Memories of Vilar
Hello Frank, Danny, Lina and other cousins.
I come to give you some more information about Vilar and the Vilarense
branch of the Da Cruz family.
Vilar in the 1950s
The people of the village lived from agriculture. Almost all the agricultural
land was vineyard although there were also some vegetable gardens and fields
of cereal grains. But Vilar lived from winemaking!
The only places of conviviality for men were the taverns where wine was
served. The men in our family were not frequenters of the taverns. My
father Manuel went to a tertulia (discussion group) of three or four friends,
who would meet at night in the pharmacy with their friend, the pharmacist.
The women occupied themselves with domestic life and attended church, many
of them once, twice or three times a day.
How did courting work in Vilar in the 1950s?
On Sunday afternoons the girls and boys strolled in lines stretching across
the road, 200 meters down 200 meters back. The group of girls crossed paths
with the boys and they looked at each other and made small talk. Sometimes
they stopped for a while and chatted in groups. The traffic on the road,
which linked Cadaval to Torres Vedras and Lisbon, was one car per hour!
Linha de raparigas, Vilar, about 1956. Left to right:
4. Maria do Carmo (Micá); 7. Teresa Nobre Santos;
8. Helena Maria Narciso.
In addition to these Sunday promenades after Mass, in the summer there were
the celebrations of the religious festivals of Vilar and nearby villages.
An orchestra played in the bandstand: waltzes, tangos, viras, and "slow dances"
and the young along with the less young danced or just watched.
|Left: Raimundo; Center: sister Helena
In the summer there were also hikes to the mountain, 3km distant, plus the
more frequent picnics in the nearby pine forests.
Looks exchanged, a few words exchanged, one or another dance, some groping
at the religious party ball and the way was open for the courtship. At this
point the young maiden's love-seeker went to the girl's father and asked for
her hand. The father would assess the situation — whether the boy was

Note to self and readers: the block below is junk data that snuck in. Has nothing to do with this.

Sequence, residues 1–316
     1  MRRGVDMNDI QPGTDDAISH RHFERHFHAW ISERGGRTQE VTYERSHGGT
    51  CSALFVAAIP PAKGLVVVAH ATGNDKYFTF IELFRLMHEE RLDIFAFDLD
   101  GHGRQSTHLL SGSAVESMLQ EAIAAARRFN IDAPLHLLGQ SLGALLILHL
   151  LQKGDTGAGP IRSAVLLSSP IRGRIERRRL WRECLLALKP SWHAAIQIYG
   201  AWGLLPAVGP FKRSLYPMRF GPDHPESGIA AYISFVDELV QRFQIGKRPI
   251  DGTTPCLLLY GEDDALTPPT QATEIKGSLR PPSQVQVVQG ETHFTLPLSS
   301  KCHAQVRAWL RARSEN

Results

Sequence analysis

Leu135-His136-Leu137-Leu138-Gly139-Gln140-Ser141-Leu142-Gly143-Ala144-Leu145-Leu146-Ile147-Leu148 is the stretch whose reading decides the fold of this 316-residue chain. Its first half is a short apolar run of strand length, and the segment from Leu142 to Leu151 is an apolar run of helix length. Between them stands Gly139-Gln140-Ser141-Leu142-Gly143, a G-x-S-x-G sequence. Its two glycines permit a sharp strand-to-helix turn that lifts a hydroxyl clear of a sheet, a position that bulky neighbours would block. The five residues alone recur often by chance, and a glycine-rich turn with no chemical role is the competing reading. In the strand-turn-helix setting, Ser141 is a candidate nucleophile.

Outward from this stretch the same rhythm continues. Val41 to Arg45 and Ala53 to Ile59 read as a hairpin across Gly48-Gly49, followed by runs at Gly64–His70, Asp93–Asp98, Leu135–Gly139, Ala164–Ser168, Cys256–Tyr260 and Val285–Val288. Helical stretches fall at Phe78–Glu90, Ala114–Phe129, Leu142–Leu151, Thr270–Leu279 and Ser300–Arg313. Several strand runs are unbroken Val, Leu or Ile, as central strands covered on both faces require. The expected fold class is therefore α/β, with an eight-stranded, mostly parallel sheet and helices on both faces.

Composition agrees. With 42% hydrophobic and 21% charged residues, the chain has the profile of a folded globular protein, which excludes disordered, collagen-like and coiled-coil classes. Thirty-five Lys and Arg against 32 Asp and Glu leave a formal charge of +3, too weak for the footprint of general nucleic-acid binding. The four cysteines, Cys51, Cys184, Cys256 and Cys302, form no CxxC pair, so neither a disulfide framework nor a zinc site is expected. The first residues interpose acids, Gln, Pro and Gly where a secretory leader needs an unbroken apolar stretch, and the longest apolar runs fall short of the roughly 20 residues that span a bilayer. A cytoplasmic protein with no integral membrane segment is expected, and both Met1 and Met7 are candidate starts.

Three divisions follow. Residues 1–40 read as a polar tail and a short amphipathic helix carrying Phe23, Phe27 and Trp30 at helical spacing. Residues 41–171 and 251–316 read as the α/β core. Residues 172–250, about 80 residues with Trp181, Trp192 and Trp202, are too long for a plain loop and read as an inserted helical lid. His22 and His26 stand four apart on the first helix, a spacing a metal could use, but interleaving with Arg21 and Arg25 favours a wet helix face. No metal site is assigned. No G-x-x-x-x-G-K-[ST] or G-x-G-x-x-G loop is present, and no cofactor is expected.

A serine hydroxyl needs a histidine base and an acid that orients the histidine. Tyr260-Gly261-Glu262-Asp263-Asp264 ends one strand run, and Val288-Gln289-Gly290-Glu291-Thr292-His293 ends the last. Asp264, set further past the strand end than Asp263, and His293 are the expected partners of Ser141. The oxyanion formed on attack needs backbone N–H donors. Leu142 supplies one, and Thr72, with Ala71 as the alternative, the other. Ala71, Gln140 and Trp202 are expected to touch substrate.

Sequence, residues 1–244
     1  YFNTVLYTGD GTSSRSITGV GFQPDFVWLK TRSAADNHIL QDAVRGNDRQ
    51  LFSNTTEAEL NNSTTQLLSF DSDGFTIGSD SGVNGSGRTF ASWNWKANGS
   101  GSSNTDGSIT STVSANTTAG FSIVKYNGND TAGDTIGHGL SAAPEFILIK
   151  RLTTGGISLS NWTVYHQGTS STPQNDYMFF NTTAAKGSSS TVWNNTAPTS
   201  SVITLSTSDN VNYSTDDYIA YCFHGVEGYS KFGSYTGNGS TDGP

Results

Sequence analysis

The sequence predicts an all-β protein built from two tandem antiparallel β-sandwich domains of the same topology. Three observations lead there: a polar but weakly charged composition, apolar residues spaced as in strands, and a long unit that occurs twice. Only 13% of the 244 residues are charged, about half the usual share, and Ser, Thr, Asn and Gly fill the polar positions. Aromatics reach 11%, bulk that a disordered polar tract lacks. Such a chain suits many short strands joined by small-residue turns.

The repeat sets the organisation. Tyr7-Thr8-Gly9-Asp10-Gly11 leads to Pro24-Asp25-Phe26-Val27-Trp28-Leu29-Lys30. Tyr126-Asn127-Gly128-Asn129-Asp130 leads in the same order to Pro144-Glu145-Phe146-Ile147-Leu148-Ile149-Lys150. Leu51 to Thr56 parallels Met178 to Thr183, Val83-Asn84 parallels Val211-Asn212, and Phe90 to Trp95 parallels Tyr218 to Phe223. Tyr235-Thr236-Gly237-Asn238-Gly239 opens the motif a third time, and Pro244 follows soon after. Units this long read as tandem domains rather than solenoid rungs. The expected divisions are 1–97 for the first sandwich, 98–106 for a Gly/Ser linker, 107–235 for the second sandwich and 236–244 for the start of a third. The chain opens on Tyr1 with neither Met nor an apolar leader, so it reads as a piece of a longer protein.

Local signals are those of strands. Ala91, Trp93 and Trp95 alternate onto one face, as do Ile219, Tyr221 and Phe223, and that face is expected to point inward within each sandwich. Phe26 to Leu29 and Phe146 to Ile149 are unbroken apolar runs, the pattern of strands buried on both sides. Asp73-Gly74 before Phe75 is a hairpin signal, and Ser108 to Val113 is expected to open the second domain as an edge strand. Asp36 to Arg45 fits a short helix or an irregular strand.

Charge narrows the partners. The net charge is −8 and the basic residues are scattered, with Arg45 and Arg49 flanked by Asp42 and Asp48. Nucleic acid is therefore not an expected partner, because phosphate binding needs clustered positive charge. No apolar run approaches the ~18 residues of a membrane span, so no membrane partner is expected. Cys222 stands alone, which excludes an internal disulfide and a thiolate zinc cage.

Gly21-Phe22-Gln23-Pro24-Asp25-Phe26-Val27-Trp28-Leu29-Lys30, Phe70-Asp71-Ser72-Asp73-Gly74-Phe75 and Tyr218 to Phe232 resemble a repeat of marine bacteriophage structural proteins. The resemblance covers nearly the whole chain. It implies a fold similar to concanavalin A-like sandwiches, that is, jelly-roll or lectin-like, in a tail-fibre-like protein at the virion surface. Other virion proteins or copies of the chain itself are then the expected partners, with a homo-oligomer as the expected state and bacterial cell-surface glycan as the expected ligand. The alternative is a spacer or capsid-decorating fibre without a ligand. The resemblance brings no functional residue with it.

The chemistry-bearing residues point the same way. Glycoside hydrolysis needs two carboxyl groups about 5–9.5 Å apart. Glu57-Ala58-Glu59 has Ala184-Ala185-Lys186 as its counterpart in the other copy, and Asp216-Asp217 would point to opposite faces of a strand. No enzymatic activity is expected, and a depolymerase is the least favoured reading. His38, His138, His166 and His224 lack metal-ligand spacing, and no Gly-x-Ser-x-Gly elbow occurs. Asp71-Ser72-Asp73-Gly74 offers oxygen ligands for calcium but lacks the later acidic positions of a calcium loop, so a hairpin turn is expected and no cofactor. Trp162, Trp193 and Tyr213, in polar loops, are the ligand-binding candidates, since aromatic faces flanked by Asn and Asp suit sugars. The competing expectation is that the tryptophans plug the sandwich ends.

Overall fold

fit to be his daughter's husband, whether he had land — and if he gave
his consent, the relationship would move to the next stage: the window.
The girl at the window of her house and the boy on the street. After a
probationary period and if the signs are promising, the courtship continues
at the door. The girl inside the door and the boy outside. And then inside
the house with the mother close by in her chair to freeze any sinful
thoughts and ensure the good behavior of the boyfriend.
Within 15 or 20 years all this had changed.
Agricultural property was very distributed and the difference between "rich"
and "poor" was small. Nothing compared to the situation of the McDonald's
CEO who, according to a Bloomberg study, earned 644 times more than the
average of his thousands workers in 2012. There were, however, a small
number of the marginalized who lived on the outskirts of the village.
Harvesting the grapes to be transformed into wine in the various mills of
the village, which took place in September and October, was the moment of
greatest labor, agitation and alteration of the routine. Many farm laborers
came from the poorer regions of the country to the great bustle of harvest.
They lived poorly, in improper places provided by the owners of the
vineyards who employed them during this period.
The new church
One of the greatest mobilizations of the entire village took place for the
construction of the church that replaced the small existing chapel.